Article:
The 2012 presidential election debates are over. Perplexingly, climate change wasn’t a focus in any of them. Addressing climate change, and other important issues of our day, requires strong scientific and technical information to make well-informed policy decisions. Yet, the positions and strategies of our potential leaders on important science and technological topics have not been in evidence during the campaigns. But there is a means to read the candidates’ views online. Both Barack Obama and Mitt Romney supplied written answers to 14 questions on current scientific and technological challenges, questions posed by major scientific and engineering organizations
Given that the United States experienced record-breaking heat and wide-spread drought in 2012—extreme weather that is widely attributed to climate change—the absence of climate change from campaign dialogue is disturbing. Responsibility for the omission can be assigned to many—to the candidates, to the debate moderators, and to the American people. The omission is another example of the numerous ways in which our country continues to drop the ball in keeping strong science at the forefront of decision-making and public education. America’s position as a world leader in science and technology has slipped.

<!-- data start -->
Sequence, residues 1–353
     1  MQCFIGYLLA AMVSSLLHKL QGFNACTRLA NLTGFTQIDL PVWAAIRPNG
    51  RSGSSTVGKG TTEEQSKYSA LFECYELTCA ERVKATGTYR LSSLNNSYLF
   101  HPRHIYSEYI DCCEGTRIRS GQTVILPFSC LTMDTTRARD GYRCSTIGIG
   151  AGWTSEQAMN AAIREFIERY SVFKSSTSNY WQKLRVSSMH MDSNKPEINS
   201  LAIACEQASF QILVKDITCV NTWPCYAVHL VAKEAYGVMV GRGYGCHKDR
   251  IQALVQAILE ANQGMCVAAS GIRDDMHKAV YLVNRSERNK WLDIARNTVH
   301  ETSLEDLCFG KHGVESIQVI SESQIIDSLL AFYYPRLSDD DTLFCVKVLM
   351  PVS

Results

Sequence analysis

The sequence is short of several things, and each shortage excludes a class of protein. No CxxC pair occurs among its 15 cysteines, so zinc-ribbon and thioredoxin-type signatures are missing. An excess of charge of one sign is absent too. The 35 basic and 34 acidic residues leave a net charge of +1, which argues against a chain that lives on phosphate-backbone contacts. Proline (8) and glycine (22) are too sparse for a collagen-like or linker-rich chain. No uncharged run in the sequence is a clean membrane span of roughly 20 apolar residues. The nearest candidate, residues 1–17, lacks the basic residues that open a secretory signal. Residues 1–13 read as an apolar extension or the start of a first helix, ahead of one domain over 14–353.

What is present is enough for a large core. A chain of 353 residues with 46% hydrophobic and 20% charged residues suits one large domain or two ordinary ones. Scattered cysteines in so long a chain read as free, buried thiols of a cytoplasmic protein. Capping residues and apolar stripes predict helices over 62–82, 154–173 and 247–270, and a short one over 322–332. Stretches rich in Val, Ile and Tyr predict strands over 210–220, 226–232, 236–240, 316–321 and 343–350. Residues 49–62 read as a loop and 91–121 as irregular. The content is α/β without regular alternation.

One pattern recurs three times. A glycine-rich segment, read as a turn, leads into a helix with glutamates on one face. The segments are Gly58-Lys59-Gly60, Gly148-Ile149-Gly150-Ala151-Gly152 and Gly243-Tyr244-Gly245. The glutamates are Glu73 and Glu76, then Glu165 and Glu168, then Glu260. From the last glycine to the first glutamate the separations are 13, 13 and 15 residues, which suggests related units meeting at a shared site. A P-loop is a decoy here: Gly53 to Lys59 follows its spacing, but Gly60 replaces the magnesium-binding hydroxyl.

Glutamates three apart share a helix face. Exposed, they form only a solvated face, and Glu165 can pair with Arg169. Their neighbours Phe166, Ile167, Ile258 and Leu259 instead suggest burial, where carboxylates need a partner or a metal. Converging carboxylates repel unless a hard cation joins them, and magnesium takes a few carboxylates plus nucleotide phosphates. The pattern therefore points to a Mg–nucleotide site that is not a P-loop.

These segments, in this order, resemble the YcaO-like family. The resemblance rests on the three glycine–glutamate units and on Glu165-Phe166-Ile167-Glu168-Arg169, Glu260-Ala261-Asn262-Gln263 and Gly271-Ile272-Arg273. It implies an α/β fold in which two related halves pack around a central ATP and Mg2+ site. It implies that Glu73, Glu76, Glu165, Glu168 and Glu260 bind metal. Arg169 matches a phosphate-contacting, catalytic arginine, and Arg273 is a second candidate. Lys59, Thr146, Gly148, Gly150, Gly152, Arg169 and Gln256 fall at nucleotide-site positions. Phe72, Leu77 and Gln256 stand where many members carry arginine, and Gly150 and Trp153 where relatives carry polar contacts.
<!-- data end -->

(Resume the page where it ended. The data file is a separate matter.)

While the economy and jobs are pressing concerns, to the many people this year who lost property to wildfires, loved ones to heat-related illness, and crops to drought, the economic and emotional consequences of climate change have been all-consuming. Beyond climate, science and technology pervade every aspect of society, including medical care, energy development, transportation, and food production. This, and the prevalence of computers and electronic devices in our daily lives, underscores the need for potential leaders to articulate clear positions on the role that science and technology will play in their policy making.
In addition, most decision making benefits from an evidence-based, scientific approach. In the September 27 issue of the journal Nature, U.S. Representative Rush Holt makes a compelling case for applying the rigors of scientific thinking to an array of issues.
Though the debates neglected the importance of climate change and science to the future of our nation, we all still have the opportunity to operate a little more scientifically for this election. By taking a look at the candidates’ answers to the science and technology questions, voters can gather the data, and use it to inform voting decisions.